This past Spring, the US Congress passed a bill, PROMESA, to deal with what was being described as the Puerto Rican debt crisis. The bill includes the establishment of a non-elected “oversight board” that will have ultimate financial decision-making power over the island. President Obama stated that the bill will provide “more stability, better services and greater prosperity over the long term for the people of Puerto Rico.”
Others, like Puerto Rican journalist Juan Gonzalez, believe there will be (and already are) grave consequences for the Puerto Rican people from a restructuring that’s “requiring the government of Puerto Rico to submit to a virtual total takeover of its economy.”
In response, Puerto Ricans on the island and the mainland have protested what they’ve described as measures that are unacceptable. Cousins Olivia Levins Holden and Alicia Raquel took to facebook, each posting a photo of herself:
Along with an open letter that read:
Dear Boricuas and Friends,
As you know, United States imperialism on our beloved island just don’t quit.
“PROMESA”, is a bill passed by Obama which allows further looting of the Puerto Rican economy, and which is being bold-facedly mis labeled as a “debt relief” bill.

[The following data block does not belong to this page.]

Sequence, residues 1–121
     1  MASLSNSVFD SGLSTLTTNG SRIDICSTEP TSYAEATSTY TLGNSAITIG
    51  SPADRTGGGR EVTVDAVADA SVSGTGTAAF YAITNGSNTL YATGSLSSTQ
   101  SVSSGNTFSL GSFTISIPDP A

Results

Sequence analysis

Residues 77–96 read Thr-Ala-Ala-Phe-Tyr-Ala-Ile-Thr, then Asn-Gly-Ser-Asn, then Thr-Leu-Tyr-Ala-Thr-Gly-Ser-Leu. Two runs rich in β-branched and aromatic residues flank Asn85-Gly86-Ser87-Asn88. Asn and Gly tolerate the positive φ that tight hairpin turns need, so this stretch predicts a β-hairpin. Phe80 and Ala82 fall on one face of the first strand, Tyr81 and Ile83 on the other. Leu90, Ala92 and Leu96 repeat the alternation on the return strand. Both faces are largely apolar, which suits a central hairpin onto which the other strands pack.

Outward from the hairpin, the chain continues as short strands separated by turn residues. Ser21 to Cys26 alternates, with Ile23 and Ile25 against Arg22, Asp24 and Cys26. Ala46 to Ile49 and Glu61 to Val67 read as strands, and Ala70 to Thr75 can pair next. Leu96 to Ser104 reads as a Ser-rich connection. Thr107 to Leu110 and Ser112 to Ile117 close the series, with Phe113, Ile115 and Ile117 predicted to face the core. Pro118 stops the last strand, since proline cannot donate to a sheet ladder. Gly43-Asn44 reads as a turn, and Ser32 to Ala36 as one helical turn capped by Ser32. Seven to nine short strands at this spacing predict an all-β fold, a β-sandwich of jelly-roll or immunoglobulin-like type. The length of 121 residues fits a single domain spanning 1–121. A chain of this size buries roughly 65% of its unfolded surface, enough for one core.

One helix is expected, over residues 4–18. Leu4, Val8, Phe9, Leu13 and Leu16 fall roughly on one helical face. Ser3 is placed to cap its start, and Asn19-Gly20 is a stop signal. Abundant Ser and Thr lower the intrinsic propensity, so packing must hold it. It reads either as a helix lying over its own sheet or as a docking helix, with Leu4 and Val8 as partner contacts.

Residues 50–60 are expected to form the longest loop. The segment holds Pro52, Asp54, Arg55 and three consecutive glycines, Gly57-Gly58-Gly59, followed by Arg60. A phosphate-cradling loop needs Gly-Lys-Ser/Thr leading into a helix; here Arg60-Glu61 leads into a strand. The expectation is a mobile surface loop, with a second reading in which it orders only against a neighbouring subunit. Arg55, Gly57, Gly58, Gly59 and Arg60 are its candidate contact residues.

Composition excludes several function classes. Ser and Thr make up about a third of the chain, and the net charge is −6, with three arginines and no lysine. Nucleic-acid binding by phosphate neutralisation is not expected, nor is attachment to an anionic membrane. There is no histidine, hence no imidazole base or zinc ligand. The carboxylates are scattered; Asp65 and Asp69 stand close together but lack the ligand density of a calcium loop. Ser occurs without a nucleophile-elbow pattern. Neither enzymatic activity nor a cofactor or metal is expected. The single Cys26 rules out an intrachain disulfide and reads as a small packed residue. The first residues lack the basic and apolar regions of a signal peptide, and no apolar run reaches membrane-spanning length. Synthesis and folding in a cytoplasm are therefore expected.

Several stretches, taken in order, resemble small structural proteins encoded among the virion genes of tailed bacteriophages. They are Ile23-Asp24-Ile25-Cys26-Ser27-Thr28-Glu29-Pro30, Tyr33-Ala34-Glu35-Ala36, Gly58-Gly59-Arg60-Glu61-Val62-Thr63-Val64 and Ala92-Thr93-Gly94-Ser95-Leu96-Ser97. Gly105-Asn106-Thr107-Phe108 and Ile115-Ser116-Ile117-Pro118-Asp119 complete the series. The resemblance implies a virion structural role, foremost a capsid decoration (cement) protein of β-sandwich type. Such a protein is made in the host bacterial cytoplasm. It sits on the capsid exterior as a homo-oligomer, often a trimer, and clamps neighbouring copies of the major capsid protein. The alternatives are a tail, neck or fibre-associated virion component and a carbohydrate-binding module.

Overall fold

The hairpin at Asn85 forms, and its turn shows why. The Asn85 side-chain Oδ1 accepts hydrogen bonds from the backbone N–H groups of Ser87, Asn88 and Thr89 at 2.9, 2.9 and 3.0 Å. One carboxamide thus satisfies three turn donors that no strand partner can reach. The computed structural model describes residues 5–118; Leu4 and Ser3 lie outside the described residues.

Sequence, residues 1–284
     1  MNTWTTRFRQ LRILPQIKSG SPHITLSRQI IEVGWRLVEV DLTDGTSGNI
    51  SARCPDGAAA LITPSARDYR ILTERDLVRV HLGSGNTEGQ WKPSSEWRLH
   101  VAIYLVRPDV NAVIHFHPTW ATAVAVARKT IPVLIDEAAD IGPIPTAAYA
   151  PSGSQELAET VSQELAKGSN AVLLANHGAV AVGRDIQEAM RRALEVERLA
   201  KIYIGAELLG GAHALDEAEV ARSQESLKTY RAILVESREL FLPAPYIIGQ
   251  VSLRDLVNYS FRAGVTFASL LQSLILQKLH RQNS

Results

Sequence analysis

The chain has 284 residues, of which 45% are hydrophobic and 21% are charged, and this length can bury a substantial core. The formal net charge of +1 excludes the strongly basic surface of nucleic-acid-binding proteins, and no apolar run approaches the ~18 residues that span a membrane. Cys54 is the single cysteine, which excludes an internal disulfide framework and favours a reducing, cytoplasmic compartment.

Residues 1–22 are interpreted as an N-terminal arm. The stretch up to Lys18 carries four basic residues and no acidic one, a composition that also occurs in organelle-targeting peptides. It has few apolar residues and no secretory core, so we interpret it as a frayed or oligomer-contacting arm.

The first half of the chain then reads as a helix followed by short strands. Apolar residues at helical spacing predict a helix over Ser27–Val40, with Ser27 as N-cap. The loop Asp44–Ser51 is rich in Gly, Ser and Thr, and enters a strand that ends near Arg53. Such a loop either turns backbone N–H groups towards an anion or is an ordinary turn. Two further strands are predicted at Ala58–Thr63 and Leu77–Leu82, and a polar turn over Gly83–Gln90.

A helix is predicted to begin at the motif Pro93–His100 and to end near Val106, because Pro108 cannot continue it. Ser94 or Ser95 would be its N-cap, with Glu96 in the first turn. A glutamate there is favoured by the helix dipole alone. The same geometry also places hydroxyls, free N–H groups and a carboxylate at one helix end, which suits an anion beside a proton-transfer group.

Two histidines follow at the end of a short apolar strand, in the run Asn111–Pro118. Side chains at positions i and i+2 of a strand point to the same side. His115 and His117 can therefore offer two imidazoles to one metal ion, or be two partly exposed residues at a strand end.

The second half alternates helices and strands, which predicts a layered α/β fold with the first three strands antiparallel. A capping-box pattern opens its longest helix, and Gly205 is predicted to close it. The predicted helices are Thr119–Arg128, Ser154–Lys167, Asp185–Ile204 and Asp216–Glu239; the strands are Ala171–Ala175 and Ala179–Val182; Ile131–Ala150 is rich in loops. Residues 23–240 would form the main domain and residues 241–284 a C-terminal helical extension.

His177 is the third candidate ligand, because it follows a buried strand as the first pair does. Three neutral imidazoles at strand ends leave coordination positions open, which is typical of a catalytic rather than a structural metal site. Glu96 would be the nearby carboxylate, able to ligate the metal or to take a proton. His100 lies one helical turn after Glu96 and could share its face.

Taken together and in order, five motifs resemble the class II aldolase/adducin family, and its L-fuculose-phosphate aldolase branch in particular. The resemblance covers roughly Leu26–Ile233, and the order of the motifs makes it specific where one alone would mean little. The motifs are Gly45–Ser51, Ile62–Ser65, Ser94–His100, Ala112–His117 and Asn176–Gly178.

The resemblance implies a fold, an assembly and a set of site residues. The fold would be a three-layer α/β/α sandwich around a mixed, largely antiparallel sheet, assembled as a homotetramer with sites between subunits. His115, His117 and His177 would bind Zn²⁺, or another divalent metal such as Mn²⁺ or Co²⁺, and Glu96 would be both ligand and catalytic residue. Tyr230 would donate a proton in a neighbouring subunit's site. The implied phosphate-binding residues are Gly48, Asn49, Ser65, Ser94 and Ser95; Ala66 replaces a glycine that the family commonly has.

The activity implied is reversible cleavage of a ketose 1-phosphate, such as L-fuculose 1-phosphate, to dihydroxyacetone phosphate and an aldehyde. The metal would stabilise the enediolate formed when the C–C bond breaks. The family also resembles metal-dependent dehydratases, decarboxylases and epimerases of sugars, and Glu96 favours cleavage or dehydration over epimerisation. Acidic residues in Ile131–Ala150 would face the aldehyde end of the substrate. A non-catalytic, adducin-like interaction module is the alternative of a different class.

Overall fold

The bill places a panel of 8 people, 7 of whom are selected by the United States government in economic control of the island, and has already begun looting public services, schools and natural resources, leading to a record number of young people leaving the island, as well as some truly innovative organizing on the ground.
We are launching a “No es mi PROMESA” social media campaign to draw attention and make a racket about this, particularly in the U.S. and support our brothers, sisters and non-binary compañer@s on the ground.
This is a part of the larger fight for the lives and self determination of people of color in this country and around the world, and in particular solidarity with #BlackLivesMatter and our ancestors who were killed in Orlando.
Take a picture of yourself holding a sign. At the top, please write “Yo Prometo” and then fill in a real promise in any language(s) you speak that you want to make in your life as a visionary, artist, activist, organizer, Tag with #noesmiPROMESA and #yoprometo” and post to all your social media networks.
Do this as many times, with as many promises as you like.
In any languages you speak.
This event page is a place to share relevant ART, MUSIC, THOUGHTS, INFORMATION and CALLS to ACTION.
With love and a fighting heart,
Alicia y Olivia
People quickly responded
Now, the folks who started the trend are saying:
“We want to draw attention to what is happening and what is at stake, the organizing work being done, and make commitments to each other in the struggle to decolonize. After such a long history of colonization disguised by pretty little myths and lies, we don’t believe their promises. On the island, they’re calling this a “Junta de Control” and responding with massive demonstrations and a month-long, youth-led campout. This is a scary and overwhelming moment, and one that requires creative responses, truth-telling, and connection.”
People are sharing and making their own promesas using the hashtag #NoEsMiPromesa and #YoPrometo